Dearest, sweet, loving Rose:
I am free! A long telegram from Brent reached me just yesterday. He has granted my request for a divorce. He says the papers will arrive in Paris soon and once I sign them I shall be his property no longer. He was quite nasty about it all. Oh, the things he wrote! He will give me nothing. No money, nor property, not even those personal possessions I left in St. Paul. I do not care. I am free, free, my loving sister, free to marry James Dahlin, and I will marry him! I called him the moment the telegram arrived yesterday morning. Oh, what a brilliant, clear, sunny morning, and everything beautiful. He collected me and we went for a drive along the river. It was so charming, Rose, a surprise around every bend, little villages climbing the hills. We drove just exclaiming with joy at every sight until we were really tired with the excitement of the exquisite beauty and we stopped at a tiny church. I do not even remember its name, yet it was so lovely. We admired the beautiful choir stalls and the fine fifteenth-century pipe organ. I expressed a desire to hear the organ, so Jimmy asked the organist to play for us, and he did! For fifteen minutes or more—such heavenly music as we sat there where monks have sat for hundreds of years. It was a thrilling experience. The moment the music ended, Jimmy got down on one knee and presented me with a ring that he said he had been carrying all these long weeks and asked me to become his bride. I could only nod my head, sweet Rose. My heart was so full I could not speak.
Your loving sister,
October 13, 1933
Let me tell you again how deeply sorry I am that I did not wait for you, Mother, and Father to cross before I married Jim—but oh, my darling sister, I could not wait. Not for another moment. In any case, I have already had a big wedding, as you know, one that cost Father a great deal of money. This time I chose to marry with only a few friends in attendance, in the tiny church where Jim first proposed. If you were here, if you could see how indescribably happy we are, you would understand. I did try to wait for you to join us. Truly, I did. It was impossible. We had spent the day shopping, walking the boulevards arm in arm, and then went to Margueray’s for soup St. Germaine, fillet de sole, and fraises à la crème! Afterward, I met with Madame Feranus, who came to the hotel to fit me—corsets and lingerie. I also went to Marcelle Demay’s and bought a hat and a sweater at Maison Royale, opposite the Madeleine Church, and ordered three handkerchiefs at Maison de Blanc. Then Jimmy and I spent a great amount of time looking at the French models showing gowns, wraps, negligees, etc., to dressmakers and women buyers at Drecolls. We were fascinated by the girls and the wonderful clothes. Jimmy bought me three dresses and two gowns. He said he wanted to buy me a negligee, the naughty boy, but I declined. We are not married yet, I told him. Instead I ordered a three-piece dress and wraps that I am sending to you and Mother. Tell me that you think they are wonderful. It was then that Jimmy said he did not want to wait, that he wanted to marry me right away. At that moment. I said no, but he was quite persistent in a playful, charming way. The next morning, before the sun even rose, he called and asked again. Maybe I was addled by lack of sleep, but this time I said yes. We drove with our friends to the tiny chapel and married. Afterward we dined at Ciro’s with four other Americans. It is out of season but the place was nice and the dinner fair and the company just wonderful. Later we went to the much-talked-about Les Folies Bergère and then—Rose, I have to laugh. I expected Jim to take me back to the Hotel Crystal and was surprised when he didn’t. Instead, we arrived at his hotel and I asked why we had gone there and he looked at me with such affection and then he laughed and I understood, I am a married lady now, and I laughed too and we laughed all the way to his rooms. I am so happy!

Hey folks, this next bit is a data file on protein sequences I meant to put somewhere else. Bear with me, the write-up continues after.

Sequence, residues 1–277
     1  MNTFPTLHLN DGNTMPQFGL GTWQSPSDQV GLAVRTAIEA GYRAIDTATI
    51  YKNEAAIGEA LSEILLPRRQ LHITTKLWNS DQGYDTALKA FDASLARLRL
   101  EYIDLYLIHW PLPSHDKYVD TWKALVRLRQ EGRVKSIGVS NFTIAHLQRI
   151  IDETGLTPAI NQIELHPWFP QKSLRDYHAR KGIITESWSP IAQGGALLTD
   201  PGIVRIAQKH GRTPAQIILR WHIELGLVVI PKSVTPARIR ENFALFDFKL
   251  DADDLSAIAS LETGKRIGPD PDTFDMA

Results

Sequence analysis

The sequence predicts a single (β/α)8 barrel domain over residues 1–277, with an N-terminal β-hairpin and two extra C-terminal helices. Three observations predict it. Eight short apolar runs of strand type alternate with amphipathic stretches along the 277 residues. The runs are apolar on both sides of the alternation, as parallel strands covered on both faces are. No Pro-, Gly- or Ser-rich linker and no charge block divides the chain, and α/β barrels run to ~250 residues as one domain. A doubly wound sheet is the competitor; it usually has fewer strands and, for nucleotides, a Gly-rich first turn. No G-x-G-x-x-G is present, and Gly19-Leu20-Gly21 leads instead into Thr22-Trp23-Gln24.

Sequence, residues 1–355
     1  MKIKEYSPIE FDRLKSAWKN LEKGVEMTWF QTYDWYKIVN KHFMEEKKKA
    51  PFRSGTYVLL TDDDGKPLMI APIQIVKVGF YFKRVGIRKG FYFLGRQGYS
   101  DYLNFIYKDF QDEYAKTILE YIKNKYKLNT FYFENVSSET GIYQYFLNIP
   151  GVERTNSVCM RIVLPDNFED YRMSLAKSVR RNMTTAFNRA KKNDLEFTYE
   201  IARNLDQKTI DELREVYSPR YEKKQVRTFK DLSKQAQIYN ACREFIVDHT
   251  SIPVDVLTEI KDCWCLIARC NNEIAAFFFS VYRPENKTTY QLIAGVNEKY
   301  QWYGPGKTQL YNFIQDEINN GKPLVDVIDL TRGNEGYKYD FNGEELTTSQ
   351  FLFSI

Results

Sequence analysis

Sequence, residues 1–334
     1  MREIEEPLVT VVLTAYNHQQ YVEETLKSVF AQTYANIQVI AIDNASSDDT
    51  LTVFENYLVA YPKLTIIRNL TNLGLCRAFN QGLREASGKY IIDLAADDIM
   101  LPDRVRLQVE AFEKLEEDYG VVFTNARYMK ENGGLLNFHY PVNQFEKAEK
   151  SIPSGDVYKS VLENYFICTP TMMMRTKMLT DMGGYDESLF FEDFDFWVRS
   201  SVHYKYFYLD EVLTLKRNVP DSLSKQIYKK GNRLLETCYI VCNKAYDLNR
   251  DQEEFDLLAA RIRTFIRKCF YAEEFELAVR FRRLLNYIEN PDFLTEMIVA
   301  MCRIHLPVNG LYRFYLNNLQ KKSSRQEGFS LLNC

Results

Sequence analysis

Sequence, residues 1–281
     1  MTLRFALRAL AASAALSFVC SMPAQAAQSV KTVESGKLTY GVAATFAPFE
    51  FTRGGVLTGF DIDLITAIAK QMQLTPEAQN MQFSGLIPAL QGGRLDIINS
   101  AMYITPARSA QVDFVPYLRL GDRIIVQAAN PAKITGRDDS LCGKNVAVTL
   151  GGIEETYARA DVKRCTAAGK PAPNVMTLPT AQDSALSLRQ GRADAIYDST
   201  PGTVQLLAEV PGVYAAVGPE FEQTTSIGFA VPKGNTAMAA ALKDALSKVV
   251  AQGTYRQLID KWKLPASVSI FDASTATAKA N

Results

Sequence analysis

Your loving sister,
“Well, good for her,” I said.
“I think so, too,” Nina said. We were eating the bread and cheese and drinking the wine at the dining room table—it wasn’t at all what I had in mind when I invited her over. “She seems so happy.”
“You notice that she never mentioned to her sister that she was at least four months pregnant when she married James Dahlin. Do you think he knew?”
“Of course he knew,” Nina said. “He married her anyway. I like this guy. I don’t even know who he is and I like him.”
“I wonder,” I said.
“Wonder what?” Nina said.
“When she was on the ship, do you think she could have been suffering from morning sickness?”
“I suppose it’s possible. You know what I noticed?”
“Kathryn never once mentioned Jelly Nash or his gold.”